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22nd August 1952, Page 42
22nd August 1952
Page 42
Page 43
Page 44
Page 42, 22nd August 1952 — KEEPING DOWN IPPER COSTS
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Which of the following most accurately describes the problem?

A. C. Brockington, A.M.I.Mech.E.

(1) An Austin three-axled tipper empties material into the hopper of the weigh-batching plant. It is proposed to fit one or more of these outfits with a Perkins P6 oil engine to reduce running costs. The vehicles operate only on hard surfaces, (3) The new Bedford 7-ton vehicle on the right is one of three recently added to the fleet of 24 Bedford 5-ton tippers. The soft ground at the gravel pits imposes severe twisting loads on the frames. (4) All the Bedford chassis fitted with wooden bodies and Weston tipping gear are modified to spread the load on the side members. The original crossmember behind the cab and two support feet attached to the body are removed, and wooden mattresses are strapped to the side members to take the weight of the load at the front.

IT has been long appreciated by the directors of the Latham Haulage Co., Ltd., Coventry, that the driver of a tipper, engaged on arduous work, can, by careful handling of his vehicle, reduce running costs by an amount far exceeding any increase in the short-term earning power of a machine when driven hard. When the decision was made to introduce a drivers' monthly bonus scheme, .it was, therefore, based on the repair record of the machine with due regard to normal failures.

Each vehicle in the fleet of 27 Bedford tippers is driven solely 'by oneman, and a deduction is 'made from his bonus in the event of damage or a mechanical fault which can be attributed to rough handling or excessive speed. Servis recorders are used throughout the fleet.

The vehicles are divided between two sand-and-gravel pits owned by Baillie Brind and Co., Ltd., one at Rytonon-Dunsmore and the other at Caton End, Nether Whitacre. At each pit there is a 'workshop, built by a8 the operator, fully equipped for repairs and maintenance jobs, including fuel and oil replenishment, chassis greasing, tyre changing, battery charging, and so on. These site facilities are particularly valuable as they enable the mechanic in charge to keep an accurate check on the condition of the vehicles, and give him an opportunity to grease the chassis and service the battery should.a tipper be kept waiting at the nearby plant.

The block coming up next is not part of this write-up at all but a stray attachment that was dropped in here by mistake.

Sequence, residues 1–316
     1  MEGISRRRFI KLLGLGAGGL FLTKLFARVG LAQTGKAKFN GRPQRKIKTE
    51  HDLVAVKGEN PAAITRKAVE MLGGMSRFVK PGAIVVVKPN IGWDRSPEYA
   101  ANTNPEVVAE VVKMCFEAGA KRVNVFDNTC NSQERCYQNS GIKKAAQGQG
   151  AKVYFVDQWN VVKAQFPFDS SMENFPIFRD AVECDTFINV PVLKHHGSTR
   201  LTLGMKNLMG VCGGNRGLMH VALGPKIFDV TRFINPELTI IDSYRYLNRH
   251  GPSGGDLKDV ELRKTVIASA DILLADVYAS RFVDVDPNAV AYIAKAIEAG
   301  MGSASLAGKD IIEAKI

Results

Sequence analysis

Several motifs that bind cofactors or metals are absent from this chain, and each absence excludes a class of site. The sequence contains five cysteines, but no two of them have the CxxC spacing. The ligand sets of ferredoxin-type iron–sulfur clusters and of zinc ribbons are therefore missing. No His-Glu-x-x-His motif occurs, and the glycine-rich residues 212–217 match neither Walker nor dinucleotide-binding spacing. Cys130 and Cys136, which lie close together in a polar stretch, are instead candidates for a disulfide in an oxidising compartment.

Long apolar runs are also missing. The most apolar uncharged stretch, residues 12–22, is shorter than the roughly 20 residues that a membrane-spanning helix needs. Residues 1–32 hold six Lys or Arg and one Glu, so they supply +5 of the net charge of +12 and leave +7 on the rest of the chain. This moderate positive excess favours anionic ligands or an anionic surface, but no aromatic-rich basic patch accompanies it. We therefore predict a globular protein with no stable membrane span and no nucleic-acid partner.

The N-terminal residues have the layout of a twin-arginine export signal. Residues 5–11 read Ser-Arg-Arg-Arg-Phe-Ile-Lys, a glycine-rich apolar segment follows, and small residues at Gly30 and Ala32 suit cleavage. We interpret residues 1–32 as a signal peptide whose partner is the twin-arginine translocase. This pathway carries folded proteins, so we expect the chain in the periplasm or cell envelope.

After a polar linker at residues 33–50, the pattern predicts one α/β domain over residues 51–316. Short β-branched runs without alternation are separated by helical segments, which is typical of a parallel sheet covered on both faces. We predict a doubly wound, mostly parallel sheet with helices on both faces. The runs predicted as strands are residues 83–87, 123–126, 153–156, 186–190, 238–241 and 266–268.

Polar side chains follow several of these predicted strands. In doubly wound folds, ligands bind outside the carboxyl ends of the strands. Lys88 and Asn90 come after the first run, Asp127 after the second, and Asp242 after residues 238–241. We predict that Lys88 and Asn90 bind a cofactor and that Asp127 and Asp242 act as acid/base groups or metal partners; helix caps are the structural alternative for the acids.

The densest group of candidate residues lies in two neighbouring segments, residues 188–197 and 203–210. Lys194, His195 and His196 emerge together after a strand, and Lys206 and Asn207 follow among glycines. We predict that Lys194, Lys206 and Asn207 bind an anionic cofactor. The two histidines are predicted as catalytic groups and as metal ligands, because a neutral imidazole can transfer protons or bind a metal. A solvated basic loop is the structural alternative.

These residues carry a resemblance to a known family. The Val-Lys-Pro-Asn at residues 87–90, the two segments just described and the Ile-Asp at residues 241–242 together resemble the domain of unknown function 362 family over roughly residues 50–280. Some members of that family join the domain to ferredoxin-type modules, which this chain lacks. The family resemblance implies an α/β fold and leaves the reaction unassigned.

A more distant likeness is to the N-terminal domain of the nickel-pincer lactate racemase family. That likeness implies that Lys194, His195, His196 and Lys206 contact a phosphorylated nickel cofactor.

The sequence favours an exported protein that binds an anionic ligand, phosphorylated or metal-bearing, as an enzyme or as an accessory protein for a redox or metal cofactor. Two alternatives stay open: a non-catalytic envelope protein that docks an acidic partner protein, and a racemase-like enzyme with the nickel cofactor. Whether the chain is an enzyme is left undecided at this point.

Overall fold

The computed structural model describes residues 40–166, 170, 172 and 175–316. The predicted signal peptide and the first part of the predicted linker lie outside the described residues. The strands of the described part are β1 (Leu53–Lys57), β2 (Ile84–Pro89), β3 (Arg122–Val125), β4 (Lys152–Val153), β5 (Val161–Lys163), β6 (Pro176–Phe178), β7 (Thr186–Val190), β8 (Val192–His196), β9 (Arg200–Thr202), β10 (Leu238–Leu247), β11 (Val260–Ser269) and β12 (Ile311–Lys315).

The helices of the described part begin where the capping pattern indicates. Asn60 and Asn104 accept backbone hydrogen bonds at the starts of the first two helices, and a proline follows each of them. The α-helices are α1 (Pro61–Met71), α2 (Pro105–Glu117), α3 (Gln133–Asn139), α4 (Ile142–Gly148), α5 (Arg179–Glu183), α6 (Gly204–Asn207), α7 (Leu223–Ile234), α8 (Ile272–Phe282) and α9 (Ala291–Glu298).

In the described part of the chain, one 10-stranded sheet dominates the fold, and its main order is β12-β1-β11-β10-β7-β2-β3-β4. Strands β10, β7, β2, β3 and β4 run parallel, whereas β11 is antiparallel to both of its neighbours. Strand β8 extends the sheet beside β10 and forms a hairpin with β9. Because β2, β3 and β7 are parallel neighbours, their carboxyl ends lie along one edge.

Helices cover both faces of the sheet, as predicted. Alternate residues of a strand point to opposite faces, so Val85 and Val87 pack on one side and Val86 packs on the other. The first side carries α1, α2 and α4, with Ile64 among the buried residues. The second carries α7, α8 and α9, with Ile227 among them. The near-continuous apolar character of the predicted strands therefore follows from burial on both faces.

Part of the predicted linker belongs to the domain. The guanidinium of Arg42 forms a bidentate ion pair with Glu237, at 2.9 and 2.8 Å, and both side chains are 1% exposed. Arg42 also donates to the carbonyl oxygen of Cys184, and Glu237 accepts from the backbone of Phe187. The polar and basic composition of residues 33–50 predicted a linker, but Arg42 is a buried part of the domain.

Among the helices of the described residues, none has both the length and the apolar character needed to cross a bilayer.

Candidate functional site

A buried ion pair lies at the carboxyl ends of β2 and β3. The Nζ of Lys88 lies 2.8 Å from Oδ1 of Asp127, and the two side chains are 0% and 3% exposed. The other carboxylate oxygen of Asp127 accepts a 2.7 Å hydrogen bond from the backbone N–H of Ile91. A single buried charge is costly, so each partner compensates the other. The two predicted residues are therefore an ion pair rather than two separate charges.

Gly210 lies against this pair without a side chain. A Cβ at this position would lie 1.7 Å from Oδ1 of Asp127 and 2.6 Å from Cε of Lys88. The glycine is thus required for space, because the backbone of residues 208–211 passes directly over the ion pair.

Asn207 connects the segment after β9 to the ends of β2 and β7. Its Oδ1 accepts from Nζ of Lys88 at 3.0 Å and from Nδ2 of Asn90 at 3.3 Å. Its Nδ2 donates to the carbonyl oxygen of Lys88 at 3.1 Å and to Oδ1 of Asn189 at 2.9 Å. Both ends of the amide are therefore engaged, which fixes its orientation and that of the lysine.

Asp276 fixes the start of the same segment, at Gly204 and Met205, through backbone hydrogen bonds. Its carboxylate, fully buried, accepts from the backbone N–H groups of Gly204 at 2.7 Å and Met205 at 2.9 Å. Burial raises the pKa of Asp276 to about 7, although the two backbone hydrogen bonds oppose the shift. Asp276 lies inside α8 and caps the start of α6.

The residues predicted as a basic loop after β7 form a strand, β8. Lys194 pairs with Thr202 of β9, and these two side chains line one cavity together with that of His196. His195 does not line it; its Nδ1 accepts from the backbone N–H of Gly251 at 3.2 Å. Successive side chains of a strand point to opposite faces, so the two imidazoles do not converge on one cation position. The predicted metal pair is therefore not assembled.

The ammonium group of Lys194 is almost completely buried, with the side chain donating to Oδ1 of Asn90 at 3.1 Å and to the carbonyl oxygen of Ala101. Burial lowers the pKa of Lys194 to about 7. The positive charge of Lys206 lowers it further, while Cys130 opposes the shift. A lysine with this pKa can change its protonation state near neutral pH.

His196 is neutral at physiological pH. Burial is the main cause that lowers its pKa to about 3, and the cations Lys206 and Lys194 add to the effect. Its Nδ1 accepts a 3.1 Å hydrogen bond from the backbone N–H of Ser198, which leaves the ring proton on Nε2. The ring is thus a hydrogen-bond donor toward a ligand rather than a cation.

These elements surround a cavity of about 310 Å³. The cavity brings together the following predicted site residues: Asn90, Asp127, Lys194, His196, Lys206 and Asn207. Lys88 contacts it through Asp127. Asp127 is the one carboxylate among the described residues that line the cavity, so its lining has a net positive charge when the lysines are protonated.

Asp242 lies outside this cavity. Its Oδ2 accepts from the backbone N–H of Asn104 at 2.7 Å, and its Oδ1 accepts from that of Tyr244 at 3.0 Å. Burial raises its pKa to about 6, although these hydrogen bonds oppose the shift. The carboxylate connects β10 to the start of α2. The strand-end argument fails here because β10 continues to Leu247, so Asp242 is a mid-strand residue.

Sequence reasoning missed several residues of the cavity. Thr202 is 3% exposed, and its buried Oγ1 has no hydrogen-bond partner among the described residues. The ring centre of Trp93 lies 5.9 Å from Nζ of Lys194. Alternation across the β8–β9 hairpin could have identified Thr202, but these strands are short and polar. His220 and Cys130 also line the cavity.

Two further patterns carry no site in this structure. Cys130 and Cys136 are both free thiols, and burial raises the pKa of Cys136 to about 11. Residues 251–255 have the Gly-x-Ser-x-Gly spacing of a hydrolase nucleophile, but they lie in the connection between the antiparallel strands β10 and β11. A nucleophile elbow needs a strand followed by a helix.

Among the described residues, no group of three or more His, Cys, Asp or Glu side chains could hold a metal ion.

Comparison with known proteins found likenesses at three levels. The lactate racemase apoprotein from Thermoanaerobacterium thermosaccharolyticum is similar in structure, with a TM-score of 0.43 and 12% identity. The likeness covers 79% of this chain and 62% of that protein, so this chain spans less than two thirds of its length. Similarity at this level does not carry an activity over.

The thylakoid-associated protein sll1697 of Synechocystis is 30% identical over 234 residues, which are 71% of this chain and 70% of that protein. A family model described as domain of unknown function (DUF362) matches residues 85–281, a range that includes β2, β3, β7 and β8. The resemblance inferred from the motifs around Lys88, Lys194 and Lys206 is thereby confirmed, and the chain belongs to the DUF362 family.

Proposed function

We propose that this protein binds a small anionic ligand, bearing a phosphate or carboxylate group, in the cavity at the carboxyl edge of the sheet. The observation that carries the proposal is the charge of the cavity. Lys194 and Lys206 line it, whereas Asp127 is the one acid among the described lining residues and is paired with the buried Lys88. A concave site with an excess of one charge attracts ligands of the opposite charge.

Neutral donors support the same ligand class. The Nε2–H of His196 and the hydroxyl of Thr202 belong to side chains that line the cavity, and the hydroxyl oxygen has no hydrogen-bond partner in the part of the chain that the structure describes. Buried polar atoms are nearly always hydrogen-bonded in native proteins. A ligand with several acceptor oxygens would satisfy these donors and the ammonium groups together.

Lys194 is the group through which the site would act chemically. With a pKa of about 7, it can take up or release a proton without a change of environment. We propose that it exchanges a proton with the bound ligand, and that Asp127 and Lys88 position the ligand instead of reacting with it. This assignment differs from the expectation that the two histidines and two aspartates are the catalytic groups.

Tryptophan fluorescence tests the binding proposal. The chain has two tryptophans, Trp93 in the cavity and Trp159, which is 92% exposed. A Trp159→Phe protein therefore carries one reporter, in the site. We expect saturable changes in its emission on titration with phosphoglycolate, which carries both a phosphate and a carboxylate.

For major overhauls, a tipper is returned to the central depot in Coventry, but all other repairs are performed at the pit workshops. While his tipper is unserviceable, the driver takes over one or two old vehicles engaged on work at the pits, .which are kept running economically by fitting them with sub-standard spares and tyres, unfit for use on the road vehicles.

Whilst the majority of the vehicles, comprises 5-ton short-wheelbase tippers, three new .Bedford 7-tonners have recently been added to the fleet and are proving highly satisfactory. Each vehicle covers up to 1,000 miles a week and engines are replaced on the Bedford exchange plan at intervals of about 50,000 miles. Lubricating oil of .S.A.E..40 viscosity is -employed in summer and of S.A.E. 30 in winter; the supplier being Manchester Oil Refinery (Sales), Ltd.. After draining at. the end of a monthly period, the lubricant .is treated in a Strearri-Line filter and is then used for the hydraulic tipping gear, or mixed with new S.A.E. 50 oil for use

in the engines of the 'pit vehicles. For replenishing radiators, a supply of rain water is available at both pits and at the depot. All radiators are reverse-flushed every two to three months. •

Although the engines.are.removed for the renewal of hearing shells and the. ktting. of Cord .piston rings after 12 to 18 months, dependent. on oil consumption, the cylinder head is not dipturbed earlier unless necessitated

by burnt-out valves or other defects. The advisability of using chromium-plated liners is being seriously considered as a means for increasing the period between engine replacements to about 100,000 miles.

Premature failure of the Bedford back-axle pinion bearings was formerly a recurrent fault which caused a great deal of concern to the workshop staff.. Eventually it was discovered that the bearings were being overloaded by the grease becoming packed in front of the propeller-shaft splines. • The use of a softer grease largely eliminated the trouble, but the additional precaution is taken of fitting new bearings when the engine is changed.

The average petrol consumption of the tipper vehicles is at the rate of about 10 m.p.g. An oil-engined vehicle was run experimentally for three years, but its use was discontinued because the torque characteristic was found unsatisfactory when negotiating very soft ground.